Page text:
The families of those killed on Ukraine International Airlines Flight PS752 are expressing frustration over the UN aviation agency's apparent inability to condemn the destruction of the passenger jet by Iran's Islamic Revolutionary Guard Corps.
Fifty-five Canadian citizens and 30 permanent residents of Canada were among the 176 people killed when Flight PS752 was shot down by two Iranian missiles shortly after takeoff from Tehran on Jan. 8.
Hamed Esmaeilion, spokesperson for the association representing the families of the Canadians who died on the flight from Tehran to Kyiv, told Radio Canada International that he has sent two letters to the Montreal-based International Civil Aviation Organization (ICAO) demanding that it condemn the attack.
Esmaeilion, whose wife Parisa and nine-year-old daughter Reera died on the flight, said he can't understand why the UN agency remains silent six months after an attack on a civilian airliner.
"How are they going to prevent future attacks like this if they remain silent?" Esmaeilion said. "Their silence is deafening."
It took only three months for the ICAO to adopt a unanimous resolution condemning, "in the strongest terms," the 2014 downing of Malaysia Airlines Flight MH17 over eastern Ukraine, he said.
"As opposed to the case of MH17, where the ICAO took swift action in condemnation of the crime and fully ventured into the ensuing investigations, Flight PS752 has been effectively ignored by your organization," Esmaeilion wrote on Tuesday in a second letter to Salvatore Sciacchitano, president of the ICAO Council, the 36-member governing body of the UN agency.
'Mockery, misinformation, intimidation'
In the letter on behalf of the families, Esmaeilion also claims that the ICAO has "failed to obligate the Iranian government to cooperate on any level, from surrendering the black boxes, to allowing international authorities to investigate the crime or disclosing information as to how and by whom these crimes were committed."
"The world has witnessed nothing other than mockery, misinformation, intimidation and cover-up attempts by the Iranian government," Esmaeilion writes. "More alarmingly, the world has witnessed the failure of the ICAO to govern the matter that is foundational to the organization's purpose."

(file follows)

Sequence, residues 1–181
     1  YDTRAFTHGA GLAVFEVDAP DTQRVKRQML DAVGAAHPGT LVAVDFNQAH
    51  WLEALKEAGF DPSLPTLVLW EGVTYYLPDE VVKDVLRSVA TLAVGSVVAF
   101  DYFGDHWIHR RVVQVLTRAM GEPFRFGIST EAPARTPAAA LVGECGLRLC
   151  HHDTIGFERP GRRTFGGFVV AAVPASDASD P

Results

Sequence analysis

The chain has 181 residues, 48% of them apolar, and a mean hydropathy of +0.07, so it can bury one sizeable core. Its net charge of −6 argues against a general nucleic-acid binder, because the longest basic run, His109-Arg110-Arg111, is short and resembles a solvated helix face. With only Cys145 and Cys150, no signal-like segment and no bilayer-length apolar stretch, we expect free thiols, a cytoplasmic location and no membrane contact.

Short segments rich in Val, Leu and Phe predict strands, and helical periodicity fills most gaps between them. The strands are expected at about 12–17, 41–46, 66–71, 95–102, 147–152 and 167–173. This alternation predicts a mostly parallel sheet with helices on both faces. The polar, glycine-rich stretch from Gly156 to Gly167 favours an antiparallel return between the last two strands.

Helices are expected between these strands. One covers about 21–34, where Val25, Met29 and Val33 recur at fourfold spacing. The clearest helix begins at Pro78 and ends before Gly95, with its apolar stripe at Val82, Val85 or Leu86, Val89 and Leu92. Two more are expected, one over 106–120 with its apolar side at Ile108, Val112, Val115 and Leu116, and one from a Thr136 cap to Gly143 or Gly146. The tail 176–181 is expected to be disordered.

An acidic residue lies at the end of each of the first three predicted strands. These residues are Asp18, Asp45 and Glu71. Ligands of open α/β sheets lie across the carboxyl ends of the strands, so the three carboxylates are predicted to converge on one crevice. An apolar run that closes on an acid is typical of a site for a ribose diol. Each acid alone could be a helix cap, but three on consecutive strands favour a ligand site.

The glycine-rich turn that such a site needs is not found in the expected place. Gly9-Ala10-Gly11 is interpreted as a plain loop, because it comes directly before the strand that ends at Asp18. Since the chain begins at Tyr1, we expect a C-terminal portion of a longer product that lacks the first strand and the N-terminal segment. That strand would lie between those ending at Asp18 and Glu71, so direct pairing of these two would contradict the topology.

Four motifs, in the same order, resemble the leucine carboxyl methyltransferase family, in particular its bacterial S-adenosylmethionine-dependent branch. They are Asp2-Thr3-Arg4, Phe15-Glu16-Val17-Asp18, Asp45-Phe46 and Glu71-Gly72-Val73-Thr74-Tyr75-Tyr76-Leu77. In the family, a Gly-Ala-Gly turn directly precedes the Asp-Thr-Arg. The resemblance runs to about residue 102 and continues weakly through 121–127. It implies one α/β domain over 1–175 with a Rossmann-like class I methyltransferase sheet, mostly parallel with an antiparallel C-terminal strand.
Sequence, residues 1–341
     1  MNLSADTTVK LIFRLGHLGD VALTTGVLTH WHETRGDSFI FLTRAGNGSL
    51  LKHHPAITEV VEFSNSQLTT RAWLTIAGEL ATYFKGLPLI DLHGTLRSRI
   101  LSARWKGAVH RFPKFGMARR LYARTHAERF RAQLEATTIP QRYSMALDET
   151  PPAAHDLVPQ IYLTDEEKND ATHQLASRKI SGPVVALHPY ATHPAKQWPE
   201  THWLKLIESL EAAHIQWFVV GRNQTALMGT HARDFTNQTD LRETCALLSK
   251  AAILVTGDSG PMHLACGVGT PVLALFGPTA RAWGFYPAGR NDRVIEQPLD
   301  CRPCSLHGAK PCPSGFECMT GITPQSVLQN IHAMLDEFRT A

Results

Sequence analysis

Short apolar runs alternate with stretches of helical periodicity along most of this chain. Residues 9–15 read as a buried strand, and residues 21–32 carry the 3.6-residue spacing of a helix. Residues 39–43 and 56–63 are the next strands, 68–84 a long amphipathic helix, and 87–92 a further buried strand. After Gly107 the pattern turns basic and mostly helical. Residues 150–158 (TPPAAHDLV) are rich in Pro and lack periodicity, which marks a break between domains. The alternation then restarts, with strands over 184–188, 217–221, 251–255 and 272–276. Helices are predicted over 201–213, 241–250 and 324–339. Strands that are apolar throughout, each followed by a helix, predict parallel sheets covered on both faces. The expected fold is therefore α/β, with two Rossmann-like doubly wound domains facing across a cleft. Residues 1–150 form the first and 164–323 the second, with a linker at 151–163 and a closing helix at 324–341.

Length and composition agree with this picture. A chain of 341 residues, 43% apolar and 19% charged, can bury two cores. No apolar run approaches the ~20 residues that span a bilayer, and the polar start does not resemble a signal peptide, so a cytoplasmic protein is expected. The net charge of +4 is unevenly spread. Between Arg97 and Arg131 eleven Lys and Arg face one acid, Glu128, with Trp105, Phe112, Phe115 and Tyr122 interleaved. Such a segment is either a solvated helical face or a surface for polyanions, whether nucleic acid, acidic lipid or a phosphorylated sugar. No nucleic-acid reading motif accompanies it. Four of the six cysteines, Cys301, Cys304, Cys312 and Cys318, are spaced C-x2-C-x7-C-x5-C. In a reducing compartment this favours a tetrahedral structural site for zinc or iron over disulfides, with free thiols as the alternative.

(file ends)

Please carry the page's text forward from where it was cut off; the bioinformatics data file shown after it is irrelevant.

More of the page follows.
ICAO spokesperson Anthony Philbin said the agency "extends its deepest sympathies to the families and friends of the victims of flight PS752."
"We regret that their grief and frustration in the face of the international diplomacy surrounding this matter has led to allegations being levied against our agency with respect to matters well beyond our mandate and capabilities as a UN agency," Philbin said in an email.
ICAO is a neutral platform supporting the diplomatic interactions of its 193 member states, he added.
"In a world of sovereign nation states, no multilateral agency or association can 'obligate' countries to take actions they don't consider to be in their national self-interest," Philbin said.
"As countless examples have shown us previously, when a country may be perceived as being deficient in its commitments and actions with respect to any of its various international obligations, penalties and accountability can only be considered, initiated and pursued by another sovereign country or group of sovereign countries, whether through economic sanctions or other means."
'This is negligence'
In the months since the downing of Flight PS752, the ICAO Council "has been closely monitoring the situation with helpful updates from the participating states," he added.
Esmaeilion said he could not understand what was preventing the 36-member ICAO governing council, of which Canada is a member, from taking a tougher line with authorities in Tehran.
"They don't put any pressure on Iran and … they said Iran has to hand over the black boxes or explain why they can't do that," Esmaeilion said. "Why is there an 'or'? I don't know how they can do that. This is negligence."
In a phone conversation with his Iranian counterpart on Monday, Foreign Affairs Minister Francois-Philippe Champagne demanded "immediate action" from the Islamic Republic "to ensure they conduct a comprehensive, transparent investigation and provide compensation for families," according to a readout of the call released by Global Affairs Canada.
Iran's Foreign Affairs Minister Mohammad Javad Zarif committed to sending the flight recorders to France for analysis "without further delay," the readout said.
The deadline for Iran to update the UN civil aviation agency on its action is Friday, the readout said.
"It's almost the last day and we still haven't heard anything," Esmaeilion said. "There are flights going to Europe from Iran every week. They can't send a black box?"
Zarif also agreed to enter into negotiations for reparations and to provide an update to Canada and the other nations that lost citizens on the doomed flight at their next meeting, the readout said.
About the Author
Levon Sevunts is a reporter/producer for Radio Canada International. Born and raised in Armenia, he immigrated to Canada in 1992. As a print and broadcast journalist he has covered major stories in the Caucasus, Afghanistan, Darfur, the Sahara and the High Arctic, as well as his home of Montreal.
Credit belongs to : www.cbc.ca